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zh-CN:IBus zh-TW:IBus

IBus (Intelligent Input Bus) is an input method framework, a system for entering foreign characters. IBus functions similarly to Fcitx, SCIM and UIM.


Install the ibus package from the official repositories.

Additionally, to enable IBus for Qt applications, install the ibus-qt library.

Input method engines

You will need at least one input method, corresponding to the language you wish to type. Available input methods include:

  • ibus-anthy - Japanese IME, based on anthy.
  • ibus-pinyin - Intelligent Chinese Phonetic IME for Hanyu pinyin and Zhuyin (Bopomofo) users. Designed by IBus main author and has many advance features such as English spell checking. Package currently not maintained and partly broken with latest ibus base. Use ibus-libpinyin instead.
  • ibus-rime - Powerful and smart Chinese input method for Chinese (pinyin, zhuyin, with or without tones, double pinyin, Jyutping, Wugniu, Cangjie5 and Wubi 86).
  • ibus-chewing - Intelligent Chinese Phonetic IME for Zhuyin (Bopomofo) users, based on libchewing.
  • ibus-hangul - Korean IME, based on libhangul.
  • ibus-unikey - IME for typing Vietnamese characters.
  • ibus-table - IME that accommodates table-based IMs.
  • ibus-m17n - M17n IME which allows input of many languages using the input methods from m17n-db.
  • ibus-mozc - Japanese IME, based on Mozc. Part of mozcAUR package.
  • ibus-kkc - Japanese IME, based on libkkc.

To see all available input methods:

$ pacman -Ss ^ibus-*

Others packages are also available in the AUR.

Initial setup

Now, run $ ibus-setup (as the user who will use IBus). It will start the daemon and give you this message:

IBus has been started! If you cannot use IBus, please add below lines in $HOME/.bashrc, and relogin your desktop.
export GTK_IM_MODULE=ibus
export XMODIFIERS=@im=ibus
export QT_IM_MODULE=ibus
  • Although IBus uses a daemon, it is not the sort of daemon managed by systemd: it runs as an ordinary user and will be started for you when you login.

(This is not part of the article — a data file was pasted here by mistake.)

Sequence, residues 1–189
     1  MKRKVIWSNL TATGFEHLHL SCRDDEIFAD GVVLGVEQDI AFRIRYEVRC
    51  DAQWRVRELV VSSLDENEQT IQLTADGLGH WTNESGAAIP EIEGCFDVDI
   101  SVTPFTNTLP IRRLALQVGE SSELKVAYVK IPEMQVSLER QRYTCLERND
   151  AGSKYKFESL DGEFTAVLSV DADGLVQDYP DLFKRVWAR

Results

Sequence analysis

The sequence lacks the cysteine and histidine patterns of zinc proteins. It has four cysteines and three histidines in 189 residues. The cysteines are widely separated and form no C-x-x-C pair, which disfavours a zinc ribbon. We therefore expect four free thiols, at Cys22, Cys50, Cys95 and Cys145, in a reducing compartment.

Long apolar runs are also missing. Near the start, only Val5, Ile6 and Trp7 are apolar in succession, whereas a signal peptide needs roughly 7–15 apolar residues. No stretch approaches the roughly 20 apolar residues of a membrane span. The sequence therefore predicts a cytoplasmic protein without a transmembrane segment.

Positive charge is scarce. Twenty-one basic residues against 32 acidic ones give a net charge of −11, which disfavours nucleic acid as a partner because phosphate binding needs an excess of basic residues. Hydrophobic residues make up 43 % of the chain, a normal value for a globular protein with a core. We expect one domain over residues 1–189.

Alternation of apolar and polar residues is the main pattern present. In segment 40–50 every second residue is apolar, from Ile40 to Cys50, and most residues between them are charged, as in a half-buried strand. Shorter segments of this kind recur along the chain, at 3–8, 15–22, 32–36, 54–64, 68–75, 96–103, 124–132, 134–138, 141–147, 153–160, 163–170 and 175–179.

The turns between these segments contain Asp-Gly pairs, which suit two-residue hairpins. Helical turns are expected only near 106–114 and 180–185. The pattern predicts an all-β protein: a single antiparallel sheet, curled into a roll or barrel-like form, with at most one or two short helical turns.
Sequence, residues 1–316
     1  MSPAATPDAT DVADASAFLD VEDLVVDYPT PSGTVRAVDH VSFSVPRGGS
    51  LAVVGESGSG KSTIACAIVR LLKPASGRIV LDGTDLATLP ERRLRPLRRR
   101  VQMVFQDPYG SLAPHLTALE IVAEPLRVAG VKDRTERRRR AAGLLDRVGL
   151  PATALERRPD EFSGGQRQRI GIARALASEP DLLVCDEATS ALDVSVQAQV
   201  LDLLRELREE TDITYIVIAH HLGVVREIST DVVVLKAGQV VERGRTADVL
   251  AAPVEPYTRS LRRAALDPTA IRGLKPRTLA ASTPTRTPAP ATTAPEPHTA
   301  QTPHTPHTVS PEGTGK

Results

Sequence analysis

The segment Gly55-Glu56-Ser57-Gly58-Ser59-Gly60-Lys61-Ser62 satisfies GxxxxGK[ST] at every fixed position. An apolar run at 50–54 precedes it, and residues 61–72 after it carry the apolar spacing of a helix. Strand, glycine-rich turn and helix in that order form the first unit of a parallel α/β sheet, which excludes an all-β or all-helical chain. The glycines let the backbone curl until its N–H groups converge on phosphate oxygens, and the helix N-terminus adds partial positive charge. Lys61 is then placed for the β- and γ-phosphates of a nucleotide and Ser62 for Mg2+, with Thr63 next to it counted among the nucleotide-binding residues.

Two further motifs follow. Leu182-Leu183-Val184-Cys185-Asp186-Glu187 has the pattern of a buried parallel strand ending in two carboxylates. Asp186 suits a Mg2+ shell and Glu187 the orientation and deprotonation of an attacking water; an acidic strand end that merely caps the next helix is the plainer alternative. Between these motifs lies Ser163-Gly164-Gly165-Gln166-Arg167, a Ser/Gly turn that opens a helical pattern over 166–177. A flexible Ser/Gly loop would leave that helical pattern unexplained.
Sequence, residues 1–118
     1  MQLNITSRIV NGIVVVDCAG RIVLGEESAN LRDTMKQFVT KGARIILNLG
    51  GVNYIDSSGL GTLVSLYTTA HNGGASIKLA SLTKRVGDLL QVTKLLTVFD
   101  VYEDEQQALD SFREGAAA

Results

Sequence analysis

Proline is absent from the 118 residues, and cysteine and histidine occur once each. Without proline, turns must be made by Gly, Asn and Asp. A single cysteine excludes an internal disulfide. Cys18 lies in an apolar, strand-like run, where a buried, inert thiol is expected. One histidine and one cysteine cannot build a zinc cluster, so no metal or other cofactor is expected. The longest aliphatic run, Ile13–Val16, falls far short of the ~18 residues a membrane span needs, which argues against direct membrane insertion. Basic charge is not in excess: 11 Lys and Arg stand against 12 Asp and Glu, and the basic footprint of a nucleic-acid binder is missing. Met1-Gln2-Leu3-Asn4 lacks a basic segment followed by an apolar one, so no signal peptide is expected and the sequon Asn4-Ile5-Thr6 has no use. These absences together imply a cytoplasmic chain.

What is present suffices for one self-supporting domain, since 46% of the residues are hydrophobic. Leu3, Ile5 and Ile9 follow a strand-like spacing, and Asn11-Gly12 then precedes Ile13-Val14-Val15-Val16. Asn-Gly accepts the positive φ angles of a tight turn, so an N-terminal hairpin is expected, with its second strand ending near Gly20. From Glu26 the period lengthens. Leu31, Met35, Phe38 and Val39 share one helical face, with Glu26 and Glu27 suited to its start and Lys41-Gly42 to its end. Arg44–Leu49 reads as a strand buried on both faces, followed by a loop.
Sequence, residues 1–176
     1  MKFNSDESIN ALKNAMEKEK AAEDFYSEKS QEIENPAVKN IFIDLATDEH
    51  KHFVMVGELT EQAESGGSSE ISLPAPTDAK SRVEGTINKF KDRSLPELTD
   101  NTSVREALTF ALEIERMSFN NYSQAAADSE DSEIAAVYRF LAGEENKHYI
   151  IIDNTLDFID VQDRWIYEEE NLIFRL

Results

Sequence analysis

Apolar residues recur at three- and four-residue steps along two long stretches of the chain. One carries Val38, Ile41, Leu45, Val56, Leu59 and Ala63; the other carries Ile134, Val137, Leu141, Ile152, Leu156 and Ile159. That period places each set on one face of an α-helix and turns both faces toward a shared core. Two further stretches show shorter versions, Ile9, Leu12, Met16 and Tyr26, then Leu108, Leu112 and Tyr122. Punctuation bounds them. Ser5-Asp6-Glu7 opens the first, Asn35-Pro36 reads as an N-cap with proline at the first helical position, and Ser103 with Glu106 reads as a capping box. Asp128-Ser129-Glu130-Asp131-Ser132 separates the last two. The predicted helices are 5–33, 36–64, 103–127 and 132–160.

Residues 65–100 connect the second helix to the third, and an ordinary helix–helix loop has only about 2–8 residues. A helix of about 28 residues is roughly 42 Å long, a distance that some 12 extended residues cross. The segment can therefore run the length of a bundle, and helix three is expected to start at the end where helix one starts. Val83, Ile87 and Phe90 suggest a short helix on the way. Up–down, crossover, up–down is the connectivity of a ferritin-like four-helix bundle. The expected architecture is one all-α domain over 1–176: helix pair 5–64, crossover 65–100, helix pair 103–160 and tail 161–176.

• If, however, IBus is not autostarted upon login, then move the “export …” lines above to $HOME/.xprofile instead, and append this line to the same file: ibus-daemon -drx, and relogin your desktop. You can also try adding ibus-daemon -drx after the export ... lines in $HOME/.bashrc.

You will then see a configuration screen; you can access this screen whenever IBus is running by right-clicking the icon in the system tray and choosing Preferences. See Configuration.

If IBus doesn't work in Qt/KDE applications, ensure that the ibus-qt library is installed and define IBus as the default IME in the Qt configuration editor:

$ qtconfig-qt4

In Interface > Default Input Method, select ibus instead of xim.


GNOME includes IBus by default, so you should only need to install the package specific to your language. To enable input in your language, add it to the Input Sources section of the Region & Language settings. After you add your input sources, GNOME will show the input switcher icon in the tray. The default keyboard shortcut to switch to the next input method in GNOME is Super+space; disregard the next input method shortcut set in ibus-setup.



Note: You need to have east Asian fonts installed if you want to enter Chinese, Japanese, Korean or Vietnamese characters.

The default General settings should be fine, but go to Input Methods and select your input method(s) in the drop down box, then press Add. You can use multiple input methods if you wish. Once IBus is set up, you can press Super+space to use it (multiple times to cycle through available input methods). IBus will remember which input method you are using in each window, so you will have to reactivate it for each new window. You can override this behavior by right clicking the system tray icon, selecting Preferences, and going to the Advanced tab.


If you have decided to use the great ibus-rime IME, here are some help to install it and to configure it.

In order to work, Rime is based on schemas that should be edited by the user. However, it comes installed with a default pinyin input schema so you can use it as it.

If you want it for another input method, here they are:

  • Luna Pinyin (Standard Mandarin)
  • Terra Pinyin (with tones)
  • Bopomofo (Mandarin Phonetic Symbol)
  • Double Pinyin (Ziranma, MSPY)
  • Jyutping (Cantonese)
  • Wugniu (Wuu)
  • Cangjie5
  • Wubi86

For example, if you want to be able to type pinyin with tones, you want to use the Terra Pinyin input method. To do so, you have to first create a directory:

$ mkdir ~/.config/ibus/rime

In this directory, create a file entitled default.custom.yaml and add the following lines to it:

    - schema: terra_pinyin

Note that the indentation level is important. Your file says to Rime to replace the schema list with a list that only contains Terra Pinyin.

Eventually, if the changes aren't taken automatically, run:

$ rm ~/.config/ibus/rime/default.yaml && ibus-daemon -drx

Note: Tones are optionals but you can type them to filter the list very well. Here are how to type them:

1st tone: -
2nd tone: /
3rd tone: <
4th tone: \